Does your broker have a clean record?
Study reveals 'alarmingly' high percentage of complaints removed from records
A study by the Public Investors Arbitration Bar Association is shaking up the financial industry, revealing that an "alarmingly" high percentage of cases, brokers are getting investor complaints removed from their publicly accessible records.
You want your investments in the right hands which is why Damon Petraglia thoroughly checked out his financial advisor.
"It's very important for me to have somebody reliable and capable," he said.
But Petraglia is no average investor. He's a private investigator. People hire him to check out their stock brokers. It's easy to get background info on any federally licensed financial professional on the Financial Industry Regulatory Authority", or FINRA's, website. These public records list licenses a broker holds, and where they've worked. But what you may not see even surprised Petraglia.
"I don't think very many people knew about this," said Petraglia.
"It is the security industry's dirty little secret," added Attorney Jason Doss with the Public Investors Arbitration Bar Association, or PIABA.
The secret, revealed in the new study which says stock brokers are able to keep complaints filed against them a secret in many cases. Brokers have the right to request a complaint be expunged from their record if they feel it was false.
Federal guidelines say expungement is an "extraordinary relief." But this study found between mid-May 2009 to 2011, when cases were "resolved by settlements", arbitrators approved brokers requests to remove complaints from their records nearly 97 percent of the time.
"This is a major problem that must be fixed," said Doss.
If a broker's record is wiped clean there's no way investors, regulators or future employers can ever find out. The study found one broker requested expungement 40 times and arbitration panels granted it 35 times.
The group behind the study says sometimes investors are given a settlement trade off.
"There will be a provision that says in exchange for that money the customer has to agree not to oppose the expungement request, and it just basically just wipes it under the carpet," said Doss.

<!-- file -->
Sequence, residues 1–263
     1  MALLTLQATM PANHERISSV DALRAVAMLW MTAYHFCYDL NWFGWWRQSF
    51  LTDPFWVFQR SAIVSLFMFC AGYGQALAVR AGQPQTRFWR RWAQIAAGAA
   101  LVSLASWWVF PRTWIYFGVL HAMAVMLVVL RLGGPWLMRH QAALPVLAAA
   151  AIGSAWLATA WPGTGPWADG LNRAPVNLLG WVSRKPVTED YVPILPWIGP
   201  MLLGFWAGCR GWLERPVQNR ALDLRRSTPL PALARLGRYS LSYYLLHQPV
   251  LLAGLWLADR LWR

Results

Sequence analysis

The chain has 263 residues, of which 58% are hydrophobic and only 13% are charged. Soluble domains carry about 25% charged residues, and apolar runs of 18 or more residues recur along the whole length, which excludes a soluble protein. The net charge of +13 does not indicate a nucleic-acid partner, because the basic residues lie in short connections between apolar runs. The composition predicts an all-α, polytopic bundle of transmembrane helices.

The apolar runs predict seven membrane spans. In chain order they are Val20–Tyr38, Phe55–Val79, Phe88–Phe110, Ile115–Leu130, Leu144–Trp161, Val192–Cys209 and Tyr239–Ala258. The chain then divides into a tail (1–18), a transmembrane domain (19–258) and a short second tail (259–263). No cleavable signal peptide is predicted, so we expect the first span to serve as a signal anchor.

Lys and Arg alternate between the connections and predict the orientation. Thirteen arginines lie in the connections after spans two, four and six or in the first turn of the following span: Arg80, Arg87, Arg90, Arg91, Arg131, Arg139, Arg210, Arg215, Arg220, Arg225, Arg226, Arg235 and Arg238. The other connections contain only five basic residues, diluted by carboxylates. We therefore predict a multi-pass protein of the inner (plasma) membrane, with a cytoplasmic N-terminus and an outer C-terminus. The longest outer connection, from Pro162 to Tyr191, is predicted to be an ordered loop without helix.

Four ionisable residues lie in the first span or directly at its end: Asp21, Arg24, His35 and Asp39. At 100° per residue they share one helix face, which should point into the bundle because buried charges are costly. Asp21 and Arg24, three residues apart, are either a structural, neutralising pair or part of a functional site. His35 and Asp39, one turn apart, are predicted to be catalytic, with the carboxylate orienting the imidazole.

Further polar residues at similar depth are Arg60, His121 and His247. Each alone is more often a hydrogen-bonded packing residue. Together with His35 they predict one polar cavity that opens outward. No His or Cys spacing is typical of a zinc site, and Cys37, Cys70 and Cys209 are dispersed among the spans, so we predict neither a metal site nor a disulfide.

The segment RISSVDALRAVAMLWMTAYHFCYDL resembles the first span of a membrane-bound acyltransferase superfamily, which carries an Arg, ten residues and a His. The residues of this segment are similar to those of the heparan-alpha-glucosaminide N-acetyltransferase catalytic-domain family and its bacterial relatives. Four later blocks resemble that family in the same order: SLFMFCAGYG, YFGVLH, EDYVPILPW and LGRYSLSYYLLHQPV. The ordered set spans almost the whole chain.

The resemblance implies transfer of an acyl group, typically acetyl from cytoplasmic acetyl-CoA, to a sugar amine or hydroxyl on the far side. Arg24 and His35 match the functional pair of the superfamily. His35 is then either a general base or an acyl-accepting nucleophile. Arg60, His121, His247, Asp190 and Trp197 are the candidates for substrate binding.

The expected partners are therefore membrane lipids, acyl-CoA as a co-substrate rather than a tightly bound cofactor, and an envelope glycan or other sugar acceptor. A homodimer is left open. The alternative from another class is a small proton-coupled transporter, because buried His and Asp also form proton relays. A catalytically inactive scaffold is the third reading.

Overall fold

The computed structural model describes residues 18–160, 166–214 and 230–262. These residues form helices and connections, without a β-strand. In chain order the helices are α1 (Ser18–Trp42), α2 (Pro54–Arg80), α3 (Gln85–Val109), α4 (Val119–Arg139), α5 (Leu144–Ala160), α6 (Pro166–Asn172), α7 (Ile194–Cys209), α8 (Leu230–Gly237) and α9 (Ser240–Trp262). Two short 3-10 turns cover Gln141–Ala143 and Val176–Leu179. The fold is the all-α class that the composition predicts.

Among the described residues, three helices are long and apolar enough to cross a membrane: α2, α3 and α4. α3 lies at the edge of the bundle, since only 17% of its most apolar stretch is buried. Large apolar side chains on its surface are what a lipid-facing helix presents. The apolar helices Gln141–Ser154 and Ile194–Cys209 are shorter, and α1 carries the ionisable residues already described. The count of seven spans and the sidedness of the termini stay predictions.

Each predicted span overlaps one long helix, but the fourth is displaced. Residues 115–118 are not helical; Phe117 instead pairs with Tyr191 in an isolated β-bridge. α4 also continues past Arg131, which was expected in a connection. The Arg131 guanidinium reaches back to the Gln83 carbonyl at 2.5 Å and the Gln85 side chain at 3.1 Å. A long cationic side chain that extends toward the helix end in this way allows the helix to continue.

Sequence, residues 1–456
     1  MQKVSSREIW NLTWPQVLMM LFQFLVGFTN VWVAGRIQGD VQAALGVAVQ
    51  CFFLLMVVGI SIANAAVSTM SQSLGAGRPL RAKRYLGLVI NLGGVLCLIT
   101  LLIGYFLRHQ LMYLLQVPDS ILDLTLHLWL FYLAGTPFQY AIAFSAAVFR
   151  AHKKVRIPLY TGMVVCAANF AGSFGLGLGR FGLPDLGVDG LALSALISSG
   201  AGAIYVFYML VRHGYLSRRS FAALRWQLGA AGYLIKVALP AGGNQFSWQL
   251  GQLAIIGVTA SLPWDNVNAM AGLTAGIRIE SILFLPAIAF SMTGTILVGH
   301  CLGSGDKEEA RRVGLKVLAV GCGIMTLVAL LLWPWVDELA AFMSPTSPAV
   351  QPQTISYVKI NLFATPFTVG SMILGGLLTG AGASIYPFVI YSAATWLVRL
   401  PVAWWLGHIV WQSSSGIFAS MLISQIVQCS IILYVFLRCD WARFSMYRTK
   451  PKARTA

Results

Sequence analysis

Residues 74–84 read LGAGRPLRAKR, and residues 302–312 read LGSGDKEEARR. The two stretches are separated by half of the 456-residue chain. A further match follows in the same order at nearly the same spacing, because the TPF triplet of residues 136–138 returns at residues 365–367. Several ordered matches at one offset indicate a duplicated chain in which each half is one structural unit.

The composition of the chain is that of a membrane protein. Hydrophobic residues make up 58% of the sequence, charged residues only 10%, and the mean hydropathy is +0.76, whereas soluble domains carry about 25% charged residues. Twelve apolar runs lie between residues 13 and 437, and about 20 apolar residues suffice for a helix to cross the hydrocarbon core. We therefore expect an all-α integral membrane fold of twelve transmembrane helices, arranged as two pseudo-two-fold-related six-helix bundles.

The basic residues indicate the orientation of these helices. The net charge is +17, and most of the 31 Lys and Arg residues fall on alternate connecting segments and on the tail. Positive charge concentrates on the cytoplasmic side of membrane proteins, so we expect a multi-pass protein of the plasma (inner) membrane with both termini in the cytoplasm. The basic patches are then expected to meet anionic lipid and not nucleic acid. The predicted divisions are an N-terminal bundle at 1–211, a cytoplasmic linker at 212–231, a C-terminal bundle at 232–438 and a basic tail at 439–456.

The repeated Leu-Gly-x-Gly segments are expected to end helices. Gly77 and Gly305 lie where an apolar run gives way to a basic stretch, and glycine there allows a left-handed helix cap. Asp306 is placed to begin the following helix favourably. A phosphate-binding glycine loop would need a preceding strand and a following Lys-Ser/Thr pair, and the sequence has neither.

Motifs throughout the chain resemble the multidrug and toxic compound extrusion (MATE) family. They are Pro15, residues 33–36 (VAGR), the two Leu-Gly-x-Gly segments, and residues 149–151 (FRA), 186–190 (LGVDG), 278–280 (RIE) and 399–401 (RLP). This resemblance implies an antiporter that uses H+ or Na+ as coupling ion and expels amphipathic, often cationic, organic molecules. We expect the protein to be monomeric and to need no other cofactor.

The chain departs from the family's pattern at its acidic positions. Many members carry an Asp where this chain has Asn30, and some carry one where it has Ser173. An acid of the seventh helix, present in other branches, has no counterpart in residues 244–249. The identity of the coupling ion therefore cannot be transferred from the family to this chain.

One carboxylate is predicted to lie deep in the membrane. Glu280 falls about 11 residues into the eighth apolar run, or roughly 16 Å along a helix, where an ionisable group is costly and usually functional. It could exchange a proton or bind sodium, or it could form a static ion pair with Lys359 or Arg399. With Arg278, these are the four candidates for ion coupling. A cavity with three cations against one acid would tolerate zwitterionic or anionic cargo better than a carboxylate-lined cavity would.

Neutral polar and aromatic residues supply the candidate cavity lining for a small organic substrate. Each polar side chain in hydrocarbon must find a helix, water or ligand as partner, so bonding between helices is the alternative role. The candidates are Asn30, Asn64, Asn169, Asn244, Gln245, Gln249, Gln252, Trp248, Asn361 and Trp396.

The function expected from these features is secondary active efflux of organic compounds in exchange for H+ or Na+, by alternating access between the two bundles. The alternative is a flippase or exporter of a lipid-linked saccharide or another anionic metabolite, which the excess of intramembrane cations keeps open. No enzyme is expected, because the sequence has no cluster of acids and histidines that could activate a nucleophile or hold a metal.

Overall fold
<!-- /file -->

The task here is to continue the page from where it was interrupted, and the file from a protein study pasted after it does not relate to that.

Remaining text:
FINRA is now taking action, saying the study "underlines and emphasizes serious concerns." And the agency is sending notices to arbitrators, reminding them about "the extraordinary nature" of expungement relief.
But what if a broker really was wrongly accused? Or what if a financial issue just wasn't their fault?
"We closely guard our reputations so if there's something where we have complaints against us that are unwarranted or unfounded we want to protect our reputation," explained Ed Gjertsen with the Financial Planning Association.
Gjertsen says just because an advisor went through an arbitration doesn't mean they're a bad broker. If you're concerned about your financial professional, ask them about their record.
"I think what the study showed us is that there's probably a lot more due diligence that the average investor has to do," said Gjertsen. "Whether it's engaging with an advisor and asking them the direct question of saying 'Hey have you ever been involved in an arbitration?'"
Petraglia says he thinks this financial shake up should be a financial wake up to everyone.
"If you're pick a bad broker, you could lose the entire investment," he warned.
A court must also approve a broker's expungement request before it becomes final. FINRA is reviewing its rules and may consider future changes as well. Several U.S. senators are also now taking a closer look at the system. One has already written a letter to the Securities and Exchange Commission demanding big changes.
Websites with tips for choosing a financial professional:
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